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John Stuart Mill's principle of liberty
Pages 7 (1757 words)
Today our society is preoccupied with notions of democracy, liberty, and observance of human rights, which we may tend to view as symbols of modernity. But many of us forget that modern Western societies rest on the heritage of thinkers who during several centuries had been laying the ground for modern democratic institutions and practices.1 In this regard, one of the important historical figures involved into perhaps the most thorough defence of principles of liberalism was John Stuart Mill (1806-1873), the British philosopher and economist thought to be among the most influential philosophers of the nineteenth century.2 In his treatise "On Liberty" Mill offered a principle of liberty which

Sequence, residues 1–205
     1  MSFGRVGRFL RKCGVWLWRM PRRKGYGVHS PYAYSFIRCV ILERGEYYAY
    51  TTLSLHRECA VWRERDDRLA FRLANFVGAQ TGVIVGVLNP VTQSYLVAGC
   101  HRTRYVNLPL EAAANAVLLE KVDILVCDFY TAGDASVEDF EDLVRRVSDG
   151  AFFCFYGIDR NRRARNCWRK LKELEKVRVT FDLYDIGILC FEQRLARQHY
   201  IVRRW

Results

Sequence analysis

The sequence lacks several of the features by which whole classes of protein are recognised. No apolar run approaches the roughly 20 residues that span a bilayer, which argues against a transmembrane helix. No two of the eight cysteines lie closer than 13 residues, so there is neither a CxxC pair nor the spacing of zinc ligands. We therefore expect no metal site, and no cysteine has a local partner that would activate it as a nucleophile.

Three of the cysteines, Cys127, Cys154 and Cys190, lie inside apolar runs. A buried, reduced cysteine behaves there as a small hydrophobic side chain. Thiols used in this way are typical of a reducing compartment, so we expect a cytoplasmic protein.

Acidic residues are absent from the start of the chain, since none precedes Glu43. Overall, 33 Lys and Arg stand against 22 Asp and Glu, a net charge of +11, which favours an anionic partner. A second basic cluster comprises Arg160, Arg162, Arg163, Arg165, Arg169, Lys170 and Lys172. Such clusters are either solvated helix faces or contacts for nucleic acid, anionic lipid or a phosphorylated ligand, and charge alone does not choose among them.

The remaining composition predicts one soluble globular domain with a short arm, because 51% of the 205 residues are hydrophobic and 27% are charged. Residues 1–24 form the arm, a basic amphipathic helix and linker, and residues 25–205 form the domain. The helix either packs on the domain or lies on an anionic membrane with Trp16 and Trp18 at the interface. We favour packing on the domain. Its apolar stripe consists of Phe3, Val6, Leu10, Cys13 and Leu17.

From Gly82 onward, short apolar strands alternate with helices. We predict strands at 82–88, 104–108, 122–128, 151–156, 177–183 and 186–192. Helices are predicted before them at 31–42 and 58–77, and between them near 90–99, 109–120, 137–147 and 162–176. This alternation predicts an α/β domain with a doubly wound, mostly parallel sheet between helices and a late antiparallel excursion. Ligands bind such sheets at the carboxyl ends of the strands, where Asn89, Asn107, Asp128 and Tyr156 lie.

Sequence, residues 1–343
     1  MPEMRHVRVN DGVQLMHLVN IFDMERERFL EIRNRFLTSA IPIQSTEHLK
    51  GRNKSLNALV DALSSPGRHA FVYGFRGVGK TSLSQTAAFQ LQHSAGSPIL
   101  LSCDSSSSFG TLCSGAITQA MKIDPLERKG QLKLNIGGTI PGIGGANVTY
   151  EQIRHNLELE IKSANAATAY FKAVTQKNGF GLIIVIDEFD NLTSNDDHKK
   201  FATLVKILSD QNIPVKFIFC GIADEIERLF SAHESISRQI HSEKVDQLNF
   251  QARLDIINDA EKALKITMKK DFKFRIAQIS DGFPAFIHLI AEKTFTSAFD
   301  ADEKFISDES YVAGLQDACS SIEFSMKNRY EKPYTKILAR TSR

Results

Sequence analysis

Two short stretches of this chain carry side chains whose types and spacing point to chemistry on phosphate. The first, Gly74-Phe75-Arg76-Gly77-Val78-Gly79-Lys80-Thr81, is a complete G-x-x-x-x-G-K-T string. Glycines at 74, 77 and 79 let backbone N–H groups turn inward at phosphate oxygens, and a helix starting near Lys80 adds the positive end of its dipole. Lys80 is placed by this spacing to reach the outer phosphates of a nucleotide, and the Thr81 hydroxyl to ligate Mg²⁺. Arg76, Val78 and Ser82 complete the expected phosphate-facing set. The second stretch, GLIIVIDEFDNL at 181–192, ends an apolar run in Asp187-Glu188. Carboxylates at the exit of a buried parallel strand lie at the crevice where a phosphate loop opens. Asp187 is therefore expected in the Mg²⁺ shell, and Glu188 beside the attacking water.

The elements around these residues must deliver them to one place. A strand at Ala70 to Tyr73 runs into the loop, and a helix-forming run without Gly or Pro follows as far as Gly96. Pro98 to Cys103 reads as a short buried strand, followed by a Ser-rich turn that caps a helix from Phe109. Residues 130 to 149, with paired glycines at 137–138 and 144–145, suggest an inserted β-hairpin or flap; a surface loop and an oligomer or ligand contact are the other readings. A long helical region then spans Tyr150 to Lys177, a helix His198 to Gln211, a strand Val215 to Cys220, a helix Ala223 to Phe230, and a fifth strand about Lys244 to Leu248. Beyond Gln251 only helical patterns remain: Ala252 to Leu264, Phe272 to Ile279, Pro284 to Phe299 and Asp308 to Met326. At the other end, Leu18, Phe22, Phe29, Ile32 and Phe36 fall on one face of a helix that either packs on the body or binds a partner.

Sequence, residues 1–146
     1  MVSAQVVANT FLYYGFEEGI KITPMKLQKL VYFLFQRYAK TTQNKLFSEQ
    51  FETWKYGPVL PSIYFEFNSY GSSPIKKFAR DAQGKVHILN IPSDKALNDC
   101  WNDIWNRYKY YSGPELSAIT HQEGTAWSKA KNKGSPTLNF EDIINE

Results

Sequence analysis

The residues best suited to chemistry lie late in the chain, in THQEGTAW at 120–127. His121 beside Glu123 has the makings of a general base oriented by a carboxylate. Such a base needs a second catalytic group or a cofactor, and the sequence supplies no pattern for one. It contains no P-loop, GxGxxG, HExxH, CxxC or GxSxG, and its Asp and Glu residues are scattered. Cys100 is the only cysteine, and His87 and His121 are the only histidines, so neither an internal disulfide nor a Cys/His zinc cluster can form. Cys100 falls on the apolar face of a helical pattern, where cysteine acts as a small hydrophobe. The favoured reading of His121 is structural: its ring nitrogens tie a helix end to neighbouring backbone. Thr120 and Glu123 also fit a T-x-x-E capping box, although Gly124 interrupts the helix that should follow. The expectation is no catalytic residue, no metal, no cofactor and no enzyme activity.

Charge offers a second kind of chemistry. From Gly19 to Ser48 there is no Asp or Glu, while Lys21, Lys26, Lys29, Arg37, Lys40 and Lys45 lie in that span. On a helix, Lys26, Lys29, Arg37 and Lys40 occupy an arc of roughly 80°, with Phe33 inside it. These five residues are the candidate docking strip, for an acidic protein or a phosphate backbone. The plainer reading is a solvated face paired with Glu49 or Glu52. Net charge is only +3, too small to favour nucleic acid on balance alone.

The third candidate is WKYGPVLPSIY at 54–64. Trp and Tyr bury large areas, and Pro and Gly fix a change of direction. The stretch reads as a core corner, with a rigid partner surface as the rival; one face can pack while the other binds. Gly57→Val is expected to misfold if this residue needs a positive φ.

I prefer this definition of public policy because it establishes a direct connection between expectations of a society and the effectiveness of their embodiment by governments. With such observations in mind, let us try to find out to what extent, if at all, John Stuart Mill's principle of liberty is a workable and attractive basis for public policy in light of real-life challenges. ...
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